"There is some misconception out there that there's a hard and fast threshold above which the consumer will start hurting their score, below which it's helping the consumer's FICO score," says Dornhelm. "Instead, it's a matter of gradations where the lower the utilization, the higher your score."
Dornhelm says a consumer's score takes the greatest blow as the person approaches 100 percent utilization, but could not offer an ideal threshold for consumers to heed. He says if people want to know whether their balances are too high, the score factors or reason codes provided to them when they purchase their FICO scores will indicate if high balances are keeping their score down.
Davidson contends that credit scores start to suffer after anything above 10 percent utilization, which she acknowledges is very low. "That's why experts say 50 or 30 percent," she says. As for those recommendations, she says, "30 is better than 50, but it's not as good as 10."
People who pay off their balance each month should still mind what they charge. If the issuer reports your payment data to the credit reporting agencies before you pay in full, then the amount reported will be the statement balance. If your statement balances are high, your utilization will look high even though you pay off your balances.
Davidson says one way keep your utilization down without getting a new card is to request a credit limit increase.
If you are in good standing with the issuer and know a higher credit limit won't tempt you to spend more, this can be a good way to bring down your utilization and boost your credit score.
Requesting a credit line increase may or may not result in a hard inquiry, which can ding your credit score. Davidson recommends people call their issuer and ask if the request will produce a hard inquiry. You can always ask how likely you are to be granted the increase, she says. The reduction in your utilization could be worth the ding from the inquiry.4. Does it help to spread your debt across all your cards?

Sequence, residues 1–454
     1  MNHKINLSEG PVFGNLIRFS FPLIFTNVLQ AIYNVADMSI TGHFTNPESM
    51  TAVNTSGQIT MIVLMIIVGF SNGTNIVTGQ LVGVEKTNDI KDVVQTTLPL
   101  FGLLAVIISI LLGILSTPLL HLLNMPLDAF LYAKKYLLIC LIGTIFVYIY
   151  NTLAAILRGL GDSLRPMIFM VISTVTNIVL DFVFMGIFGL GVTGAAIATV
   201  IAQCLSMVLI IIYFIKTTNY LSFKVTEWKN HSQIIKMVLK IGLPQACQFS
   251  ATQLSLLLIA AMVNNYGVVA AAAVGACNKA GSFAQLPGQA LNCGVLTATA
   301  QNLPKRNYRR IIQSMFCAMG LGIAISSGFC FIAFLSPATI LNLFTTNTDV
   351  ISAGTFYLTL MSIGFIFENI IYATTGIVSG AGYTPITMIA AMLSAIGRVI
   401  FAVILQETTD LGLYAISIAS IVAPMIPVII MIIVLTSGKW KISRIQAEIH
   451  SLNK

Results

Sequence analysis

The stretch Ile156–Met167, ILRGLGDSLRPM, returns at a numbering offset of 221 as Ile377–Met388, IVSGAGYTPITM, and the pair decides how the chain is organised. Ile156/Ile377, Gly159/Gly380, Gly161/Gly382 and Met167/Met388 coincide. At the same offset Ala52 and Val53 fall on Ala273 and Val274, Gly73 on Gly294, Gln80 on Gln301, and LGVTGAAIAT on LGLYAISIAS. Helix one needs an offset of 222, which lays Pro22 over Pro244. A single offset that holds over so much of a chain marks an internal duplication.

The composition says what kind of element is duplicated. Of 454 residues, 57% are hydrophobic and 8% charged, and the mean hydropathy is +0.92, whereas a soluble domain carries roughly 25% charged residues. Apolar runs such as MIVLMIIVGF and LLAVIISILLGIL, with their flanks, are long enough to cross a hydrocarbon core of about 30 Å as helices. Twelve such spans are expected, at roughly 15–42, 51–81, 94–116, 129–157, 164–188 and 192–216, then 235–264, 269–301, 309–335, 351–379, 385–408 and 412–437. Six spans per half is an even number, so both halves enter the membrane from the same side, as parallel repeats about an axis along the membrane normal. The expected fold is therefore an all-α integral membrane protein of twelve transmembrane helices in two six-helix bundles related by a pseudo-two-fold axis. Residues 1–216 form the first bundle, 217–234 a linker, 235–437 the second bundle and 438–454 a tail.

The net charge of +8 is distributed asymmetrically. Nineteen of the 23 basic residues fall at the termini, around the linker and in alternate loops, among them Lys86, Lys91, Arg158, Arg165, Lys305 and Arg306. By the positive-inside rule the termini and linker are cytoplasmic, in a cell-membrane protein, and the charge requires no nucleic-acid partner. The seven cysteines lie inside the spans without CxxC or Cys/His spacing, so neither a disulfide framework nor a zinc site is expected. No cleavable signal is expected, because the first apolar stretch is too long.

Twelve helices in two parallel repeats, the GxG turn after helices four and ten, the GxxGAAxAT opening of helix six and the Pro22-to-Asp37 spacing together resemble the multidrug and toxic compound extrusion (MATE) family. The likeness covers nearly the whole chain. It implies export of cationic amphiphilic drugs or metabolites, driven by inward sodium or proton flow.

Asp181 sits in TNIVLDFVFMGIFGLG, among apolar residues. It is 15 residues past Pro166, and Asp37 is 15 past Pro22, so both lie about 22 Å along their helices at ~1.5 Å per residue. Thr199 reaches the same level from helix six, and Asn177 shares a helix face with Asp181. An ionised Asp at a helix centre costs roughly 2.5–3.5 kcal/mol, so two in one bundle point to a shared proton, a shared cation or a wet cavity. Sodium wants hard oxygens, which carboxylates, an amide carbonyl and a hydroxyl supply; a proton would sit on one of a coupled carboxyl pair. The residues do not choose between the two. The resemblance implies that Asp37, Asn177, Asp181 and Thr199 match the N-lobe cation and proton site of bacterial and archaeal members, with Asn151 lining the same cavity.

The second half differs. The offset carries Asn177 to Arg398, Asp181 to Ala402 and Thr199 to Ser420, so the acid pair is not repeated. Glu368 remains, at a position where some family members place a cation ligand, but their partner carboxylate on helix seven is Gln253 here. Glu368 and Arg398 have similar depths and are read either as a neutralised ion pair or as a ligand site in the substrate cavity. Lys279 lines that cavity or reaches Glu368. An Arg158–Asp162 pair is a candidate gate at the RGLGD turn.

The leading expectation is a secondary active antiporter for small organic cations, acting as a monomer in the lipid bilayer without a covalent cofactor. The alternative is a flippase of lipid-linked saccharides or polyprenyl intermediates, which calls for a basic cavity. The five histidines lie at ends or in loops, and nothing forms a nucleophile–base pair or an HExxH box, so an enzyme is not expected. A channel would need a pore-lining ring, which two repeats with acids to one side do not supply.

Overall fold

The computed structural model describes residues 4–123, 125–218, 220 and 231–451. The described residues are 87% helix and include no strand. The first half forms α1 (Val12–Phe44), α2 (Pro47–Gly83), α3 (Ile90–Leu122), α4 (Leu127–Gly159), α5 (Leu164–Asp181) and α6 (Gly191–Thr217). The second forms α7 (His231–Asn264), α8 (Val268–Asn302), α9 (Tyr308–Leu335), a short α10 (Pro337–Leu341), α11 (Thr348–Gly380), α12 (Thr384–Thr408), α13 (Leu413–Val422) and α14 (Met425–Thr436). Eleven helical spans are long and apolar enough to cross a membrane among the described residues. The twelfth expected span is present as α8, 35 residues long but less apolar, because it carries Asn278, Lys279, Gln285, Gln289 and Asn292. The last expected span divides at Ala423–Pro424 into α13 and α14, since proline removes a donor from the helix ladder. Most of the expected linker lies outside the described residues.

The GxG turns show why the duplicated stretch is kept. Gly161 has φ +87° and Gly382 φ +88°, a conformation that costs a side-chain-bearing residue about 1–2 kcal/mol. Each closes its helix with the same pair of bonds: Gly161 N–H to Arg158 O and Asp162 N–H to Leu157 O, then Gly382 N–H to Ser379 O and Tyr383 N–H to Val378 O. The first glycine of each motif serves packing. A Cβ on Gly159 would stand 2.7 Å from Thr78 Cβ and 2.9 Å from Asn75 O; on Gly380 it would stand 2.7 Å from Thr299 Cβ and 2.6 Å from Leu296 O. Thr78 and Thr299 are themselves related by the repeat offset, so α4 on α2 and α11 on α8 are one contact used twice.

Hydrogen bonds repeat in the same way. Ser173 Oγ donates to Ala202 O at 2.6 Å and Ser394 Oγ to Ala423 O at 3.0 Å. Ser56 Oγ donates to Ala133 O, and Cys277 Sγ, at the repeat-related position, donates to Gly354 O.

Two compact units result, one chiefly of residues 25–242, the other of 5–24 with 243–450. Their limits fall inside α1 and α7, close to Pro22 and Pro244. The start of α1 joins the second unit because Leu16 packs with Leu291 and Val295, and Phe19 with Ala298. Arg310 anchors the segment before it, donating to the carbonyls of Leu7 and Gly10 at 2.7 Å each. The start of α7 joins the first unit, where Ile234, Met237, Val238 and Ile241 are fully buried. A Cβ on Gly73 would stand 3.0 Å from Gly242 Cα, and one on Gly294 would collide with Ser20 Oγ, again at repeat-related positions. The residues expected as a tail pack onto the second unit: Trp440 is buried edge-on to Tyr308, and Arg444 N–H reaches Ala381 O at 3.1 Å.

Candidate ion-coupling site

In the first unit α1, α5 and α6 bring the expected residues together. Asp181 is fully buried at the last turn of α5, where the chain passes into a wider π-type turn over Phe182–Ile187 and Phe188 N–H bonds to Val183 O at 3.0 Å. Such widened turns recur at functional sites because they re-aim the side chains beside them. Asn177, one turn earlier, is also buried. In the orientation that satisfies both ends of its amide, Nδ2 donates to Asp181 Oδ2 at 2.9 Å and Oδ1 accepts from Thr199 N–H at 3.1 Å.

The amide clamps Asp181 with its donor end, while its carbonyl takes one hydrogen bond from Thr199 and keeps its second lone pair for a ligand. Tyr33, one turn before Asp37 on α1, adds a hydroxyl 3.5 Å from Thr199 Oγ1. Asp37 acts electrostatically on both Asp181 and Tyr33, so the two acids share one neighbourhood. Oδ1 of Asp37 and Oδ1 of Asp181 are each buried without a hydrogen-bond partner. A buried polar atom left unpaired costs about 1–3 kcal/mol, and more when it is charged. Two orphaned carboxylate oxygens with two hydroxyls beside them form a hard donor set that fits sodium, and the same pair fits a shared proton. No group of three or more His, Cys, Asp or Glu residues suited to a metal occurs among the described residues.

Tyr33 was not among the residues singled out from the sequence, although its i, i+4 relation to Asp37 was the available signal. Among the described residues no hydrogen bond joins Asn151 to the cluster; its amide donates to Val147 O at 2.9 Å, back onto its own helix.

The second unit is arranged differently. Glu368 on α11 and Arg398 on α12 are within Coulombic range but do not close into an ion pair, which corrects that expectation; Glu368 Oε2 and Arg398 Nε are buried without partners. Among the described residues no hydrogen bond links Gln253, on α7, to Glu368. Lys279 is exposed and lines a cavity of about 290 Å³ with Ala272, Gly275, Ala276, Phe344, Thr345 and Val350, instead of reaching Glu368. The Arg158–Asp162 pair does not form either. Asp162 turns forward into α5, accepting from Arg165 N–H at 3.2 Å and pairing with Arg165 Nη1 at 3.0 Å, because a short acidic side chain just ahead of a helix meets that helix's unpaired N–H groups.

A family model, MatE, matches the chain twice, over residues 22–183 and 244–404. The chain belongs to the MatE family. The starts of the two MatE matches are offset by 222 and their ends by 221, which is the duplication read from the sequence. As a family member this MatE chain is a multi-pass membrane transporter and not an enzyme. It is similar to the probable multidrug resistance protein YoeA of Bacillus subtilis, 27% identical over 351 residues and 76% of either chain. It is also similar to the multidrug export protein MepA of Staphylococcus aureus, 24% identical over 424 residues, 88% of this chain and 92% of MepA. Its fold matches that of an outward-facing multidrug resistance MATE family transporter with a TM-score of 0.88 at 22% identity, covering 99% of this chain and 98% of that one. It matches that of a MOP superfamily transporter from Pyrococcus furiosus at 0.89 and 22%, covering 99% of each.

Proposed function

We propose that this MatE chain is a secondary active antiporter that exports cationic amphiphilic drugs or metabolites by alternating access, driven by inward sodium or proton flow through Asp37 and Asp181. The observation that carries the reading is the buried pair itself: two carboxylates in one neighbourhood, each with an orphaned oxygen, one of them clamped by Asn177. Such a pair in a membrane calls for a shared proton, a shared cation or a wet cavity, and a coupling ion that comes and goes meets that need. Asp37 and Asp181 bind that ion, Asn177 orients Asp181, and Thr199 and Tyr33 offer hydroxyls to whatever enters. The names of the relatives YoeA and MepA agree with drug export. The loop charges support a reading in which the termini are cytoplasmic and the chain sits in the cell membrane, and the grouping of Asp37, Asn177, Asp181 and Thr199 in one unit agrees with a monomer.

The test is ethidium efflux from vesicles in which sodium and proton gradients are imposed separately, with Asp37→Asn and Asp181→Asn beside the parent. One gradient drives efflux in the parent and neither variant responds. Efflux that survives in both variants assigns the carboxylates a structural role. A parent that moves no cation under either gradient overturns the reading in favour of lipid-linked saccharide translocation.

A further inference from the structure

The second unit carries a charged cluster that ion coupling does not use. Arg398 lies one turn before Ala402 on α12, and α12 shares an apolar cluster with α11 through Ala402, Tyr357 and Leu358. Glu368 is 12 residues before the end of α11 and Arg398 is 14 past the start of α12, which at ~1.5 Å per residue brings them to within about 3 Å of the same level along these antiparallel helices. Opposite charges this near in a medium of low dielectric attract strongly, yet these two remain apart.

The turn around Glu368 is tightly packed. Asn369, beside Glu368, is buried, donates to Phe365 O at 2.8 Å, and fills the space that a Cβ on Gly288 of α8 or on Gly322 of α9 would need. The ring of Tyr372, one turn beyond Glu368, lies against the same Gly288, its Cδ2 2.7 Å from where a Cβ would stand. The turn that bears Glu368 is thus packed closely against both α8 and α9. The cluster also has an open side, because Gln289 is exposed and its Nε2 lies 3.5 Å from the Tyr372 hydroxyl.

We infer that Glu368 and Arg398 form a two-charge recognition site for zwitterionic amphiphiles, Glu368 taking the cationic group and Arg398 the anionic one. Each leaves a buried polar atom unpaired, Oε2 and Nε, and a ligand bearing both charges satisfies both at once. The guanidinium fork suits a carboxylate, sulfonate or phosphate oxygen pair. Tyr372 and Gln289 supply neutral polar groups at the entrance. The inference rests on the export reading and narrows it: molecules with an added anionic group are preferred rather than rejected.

The short answer: Sometimes.
The long answer: Dornhelm says that the FICO scoring model considers utilization by looking at your balances divided by the credit limits on all your cards, as well as the single highest utilization on your credit cards. He says it's possible for two consumers owing the same amounts and having the same credit limits to get different credit scores if one puts a large balance on a card with a low limit, causing that card to have a high single utilization, compared to the other consumer.
Spreading your debt across multiple cards generally won't help your credit score, unless putting all your charges on one card would put that card close to being maxed out. "In any other situation, it's not going to help your score," says Davidson.